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France formally returns looted Benin artworks arts

French President Emmanuel Macron (rear R), Benin's President Patrice Talon (rear L), French Culture Minister Roselyne Bachelot (front R) and Benin's Tourism Minister Jean-Mich   -  
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France has returned 26 of its national treasures to Benin. Works of art looted in the 19th century during the colonial era that had been exhibited at the Quai Branly Museum in Paris.

The restitution act was signed by the Ministers of Culture of both countries, to the applause of Emmanuel Macron and his Beninese counterpart Patrice Talon.

Among the works returned are totem statues from the ancient kingdom of Abomey and the throne of King Behanzin, looted by French troops in 1892.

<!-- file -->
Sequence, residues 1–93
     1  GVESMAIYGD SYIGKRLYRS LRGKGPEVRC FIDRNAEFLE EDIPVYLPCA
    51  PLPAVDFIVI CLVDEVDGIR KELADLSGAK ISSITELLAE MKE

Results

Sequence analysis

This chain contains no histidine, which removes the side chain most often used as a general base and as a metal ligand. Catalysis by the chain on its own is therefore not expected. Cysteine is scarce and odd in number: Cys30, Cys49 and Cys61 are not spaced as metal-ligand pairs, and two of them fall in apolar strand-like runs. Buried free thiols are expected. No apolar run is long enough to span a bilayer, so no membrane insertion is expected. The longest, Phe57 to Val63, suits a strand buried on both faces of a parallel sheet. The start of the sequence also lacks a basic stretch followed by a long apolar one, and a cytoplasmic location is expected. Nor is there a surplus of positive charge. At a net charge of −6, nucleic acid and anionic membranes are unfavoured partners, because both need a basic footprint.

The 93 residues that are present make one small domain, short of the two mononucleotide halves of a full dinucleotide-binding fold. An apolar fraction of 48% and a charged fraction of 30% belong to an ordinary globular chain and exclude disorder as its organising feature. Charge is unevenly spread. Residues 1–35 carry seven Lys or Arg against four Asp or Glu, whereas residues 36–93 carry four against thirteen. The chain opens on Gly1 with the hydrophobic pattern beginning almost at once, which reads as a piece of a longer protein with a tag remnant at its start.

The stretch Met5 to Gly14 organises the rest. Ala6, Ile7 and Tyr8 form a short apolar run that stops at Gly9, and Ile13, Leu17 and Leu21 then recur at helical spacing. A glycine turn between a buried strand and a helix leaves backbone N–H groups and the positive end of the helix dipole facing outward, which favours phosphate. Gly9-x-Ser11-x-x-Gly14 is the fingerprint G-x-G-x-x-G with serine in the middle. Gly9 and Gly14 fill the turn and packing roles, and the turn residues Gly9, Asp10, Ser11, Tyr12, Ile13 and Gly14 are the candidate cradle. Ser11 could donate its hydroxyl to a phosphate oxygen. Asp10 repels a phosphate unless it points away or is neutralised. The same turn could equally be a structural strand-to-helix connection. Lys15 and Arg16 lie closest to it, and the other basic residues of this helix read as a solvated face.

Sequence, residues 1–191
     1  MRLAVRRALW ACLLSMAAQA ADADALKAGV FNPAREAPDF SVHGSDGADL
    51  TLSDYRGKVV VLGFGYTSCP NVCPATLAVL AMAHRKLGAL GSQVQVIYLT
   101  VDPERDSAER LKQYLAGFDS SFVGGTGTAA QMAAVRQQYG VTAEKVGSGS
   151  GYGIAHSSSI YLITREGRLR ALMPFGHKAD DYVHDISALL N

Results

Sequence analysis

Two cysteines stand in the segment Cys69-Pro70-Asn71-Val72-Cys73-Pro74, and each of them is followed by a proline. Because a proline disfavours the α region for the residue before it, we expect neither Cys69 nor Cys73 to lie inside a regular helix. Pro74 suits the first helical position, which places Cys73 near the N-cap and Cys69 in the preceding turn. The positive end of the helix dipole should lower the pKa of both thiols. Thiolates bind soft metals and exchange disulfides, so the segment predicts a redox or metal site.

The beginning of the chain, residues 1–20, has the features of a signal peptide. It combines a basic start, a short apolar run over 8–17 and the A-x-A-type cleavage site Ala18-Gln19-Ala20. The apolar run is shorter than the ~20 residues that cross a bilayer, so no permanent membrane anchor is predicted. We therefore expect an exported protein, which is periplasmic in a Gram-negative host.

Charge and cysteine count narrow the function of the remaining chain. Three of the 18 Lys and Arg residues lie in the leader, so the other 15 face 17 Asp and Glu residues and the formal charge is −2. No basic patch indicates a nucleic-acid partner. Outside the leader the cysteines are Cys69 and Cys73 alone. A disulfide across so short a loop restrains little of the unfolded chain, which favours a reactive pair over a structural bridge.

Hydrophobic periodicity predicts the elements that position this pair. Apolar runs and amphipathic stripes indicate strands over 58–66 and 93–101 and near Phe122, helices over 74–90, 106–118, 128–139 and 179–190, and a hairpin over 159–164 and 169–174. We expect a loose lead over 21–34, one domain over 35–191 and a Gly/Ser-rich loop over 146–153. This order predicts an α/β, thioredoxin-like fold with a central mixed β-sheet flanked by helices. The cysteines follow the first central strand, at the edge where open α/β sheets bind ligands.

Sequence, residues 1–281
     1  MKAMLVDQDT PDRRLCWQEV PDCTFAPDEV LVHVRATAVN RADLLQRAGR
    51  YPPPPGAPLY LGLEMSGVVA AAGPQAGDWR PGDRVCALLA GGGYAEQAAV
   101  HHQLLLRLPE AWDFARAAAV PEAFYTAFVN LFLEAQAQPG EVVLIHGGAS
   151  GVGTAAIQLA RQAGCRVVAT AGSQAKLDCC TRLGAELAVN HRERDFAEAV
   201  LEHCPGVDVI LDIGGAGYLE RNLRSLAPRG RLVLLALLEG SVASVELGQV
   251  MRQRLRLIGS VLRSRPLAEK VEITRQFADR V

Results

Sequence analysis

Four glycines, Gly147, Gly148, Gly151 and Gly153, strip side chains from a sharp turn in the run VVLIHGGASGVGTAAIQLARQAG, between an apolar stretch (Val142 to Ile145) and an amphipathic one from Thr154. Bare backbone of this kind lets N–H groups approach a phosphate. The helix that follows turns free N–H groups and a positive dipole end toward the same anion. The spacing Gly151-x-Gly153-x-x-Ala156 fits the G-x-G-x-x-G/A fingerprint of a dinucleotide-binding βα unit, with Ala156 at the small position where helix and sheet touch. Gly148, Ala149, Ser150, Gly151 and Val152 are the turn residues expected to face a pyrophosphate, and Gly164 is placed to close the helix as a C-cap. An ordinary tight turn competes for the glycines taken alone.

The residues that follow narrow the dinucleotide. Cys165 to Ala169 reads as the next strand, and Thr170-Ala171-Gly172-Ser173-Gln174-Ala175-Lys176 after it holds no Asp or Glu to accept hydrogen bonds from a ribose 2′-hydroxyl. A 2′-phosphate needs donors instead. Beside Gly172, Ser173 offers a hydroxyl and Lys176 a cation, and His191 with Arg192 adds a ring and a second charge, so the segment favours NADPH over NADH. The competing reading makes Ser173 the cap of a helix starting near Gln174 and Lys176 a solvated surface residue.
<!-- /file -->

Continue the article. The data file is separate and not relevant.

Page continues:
In Benin, the works will first be displayed for three months at the presidency before being transferred to the historical sites of slavery and European colonization in the Gulf of Guinea.

Benin president Patrice Talon says "The restitution of the 26 works we are dedicating today is a step in the ambitious process of equity and restitution of the memorial heritage once extorted from the territory of the Kingdom of Benin by France. "

The restitution of works of art to the African continent was one of President Emmanuel Macron's promises and also one of the axes of the new relationship that the French president intends to build with Africa.

In addition to Benin, six countries - Senegal, Côte d'Ivoire, Ethiopia, Chad, Mali and Madagascar - have filed claims for the return of works of art to France.

According to experts, almost 90% of Africa's heritage is outside the continent.

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